Stone Carving

From the 7th century CE onward, the earliest records of the Kathmandu Valley recorded by outside visitors (from China) make observations about the fine architecture of the inhabitants, especially the ornate wooden windows, doors, cupola, and ornaments found in the main cities. At the end of the Malla period, a vivid and enthusiastic account was noted by a visiting Catholic missionary:

“If Europeans should ever go to Nepal, they might take some models from these little temples…On the outside of some of these temples there are also great square pillars of single stones, from twenty to thirty feel high, upon which they place their idols… [In Bungamati] I obtained the sight of the temple, and then passed the great courtit is almost entirely marble almost blue, to form the pavement of the great courtyard, the magnificence of which astonished me; and I do not believe there is another equal to it in Europe.” Giuseppe de Rovato in 1768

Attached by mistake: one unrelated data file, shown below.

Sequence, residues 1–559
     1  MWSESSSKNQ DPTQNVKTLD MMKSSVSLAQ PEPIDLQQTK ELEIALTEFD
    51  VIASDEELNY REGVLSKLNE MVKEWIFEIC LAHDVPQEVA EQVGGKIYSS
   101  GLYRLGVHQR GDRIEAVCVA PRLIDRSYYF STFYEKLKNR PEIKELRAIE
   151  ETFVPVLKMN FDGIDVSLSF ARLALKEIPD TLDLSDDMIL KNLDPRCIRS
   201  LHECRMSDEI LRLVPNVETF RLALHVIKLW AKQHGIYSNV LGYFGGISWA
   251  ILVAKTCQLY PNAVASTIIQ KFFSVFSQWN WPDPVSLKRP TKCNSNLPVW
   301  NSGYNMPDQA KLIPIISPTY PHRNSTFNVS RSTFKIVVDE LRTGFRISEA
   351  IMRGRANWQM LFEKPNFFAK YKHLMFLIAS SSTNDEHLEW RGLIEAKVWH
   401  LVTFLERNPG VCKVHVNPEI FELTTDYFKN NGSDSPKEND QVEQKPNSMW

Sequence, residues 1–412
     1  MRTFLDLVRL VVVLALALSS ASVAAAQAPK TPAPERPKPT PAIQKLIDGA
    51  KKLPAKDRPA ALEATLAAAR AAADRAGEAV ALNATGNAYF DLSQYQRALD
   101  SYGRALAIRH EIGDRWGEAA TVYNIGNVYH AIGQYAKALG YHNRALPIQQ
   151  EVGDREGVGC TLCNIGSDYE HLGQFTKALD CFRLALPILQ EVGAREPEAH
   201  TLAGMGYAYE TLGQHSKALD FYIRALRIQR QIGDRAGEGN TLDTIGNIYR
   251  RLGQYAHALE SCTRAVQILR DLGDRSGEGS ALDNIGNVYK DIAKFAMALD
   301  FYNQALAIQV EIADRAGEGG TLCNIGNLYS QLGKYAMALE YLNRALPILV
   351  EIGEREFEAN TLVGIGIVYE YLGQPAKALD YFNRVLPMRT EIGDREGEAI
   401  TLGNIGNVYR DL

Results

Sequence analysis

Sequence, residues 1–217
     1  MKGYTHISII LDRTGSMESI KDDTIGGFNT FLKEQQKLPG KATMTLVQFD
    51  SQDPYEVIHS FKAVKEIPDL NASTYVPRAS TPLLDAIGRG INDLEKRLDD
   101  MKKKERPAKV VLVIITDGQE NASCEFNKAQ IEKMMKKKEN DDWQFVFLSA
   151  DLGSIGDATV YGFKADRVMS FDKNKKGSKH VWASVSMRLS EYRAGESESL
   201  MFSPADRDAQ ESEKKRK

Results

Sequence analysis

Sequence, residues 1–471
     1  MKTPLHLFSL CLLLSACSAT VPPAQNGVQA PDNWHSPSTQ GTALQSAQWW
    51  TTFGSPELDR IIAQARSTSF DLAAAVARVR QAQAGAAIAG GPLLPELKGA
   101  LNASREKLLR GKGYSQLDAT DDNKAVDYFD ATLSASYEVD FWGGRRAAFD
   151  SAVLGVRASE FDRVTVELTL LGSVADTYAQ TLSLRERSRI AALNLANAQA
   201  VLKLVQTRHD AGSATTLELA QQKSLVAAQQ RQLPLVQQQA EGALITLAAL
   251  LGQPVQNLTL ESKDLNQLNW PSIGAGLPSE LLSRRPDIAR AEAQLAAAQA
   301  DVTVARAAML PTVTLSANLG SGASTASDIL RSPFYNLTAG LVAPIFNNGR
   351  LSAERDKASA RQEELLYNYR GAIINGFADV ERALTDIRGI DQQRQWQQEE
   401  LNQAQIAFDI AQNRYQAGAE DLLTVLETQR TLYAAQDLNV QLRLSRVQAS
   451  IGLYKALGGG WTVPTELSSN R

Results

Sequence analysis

(“Account of the Kingdom of Nepal,” Asiatic Researches 2, 1799)

A distinctive characteristic of Newar culture today is the continuity of archaic artistic traditions. Although artisans have adopted some labor saving and modern technologies … [sandpaper, power tools, photos of model forms, etc.], the basic practices of meticulous hand-crafting and apprenticeship endure, with the masters still doing the central, most intricate, and exquisite images.


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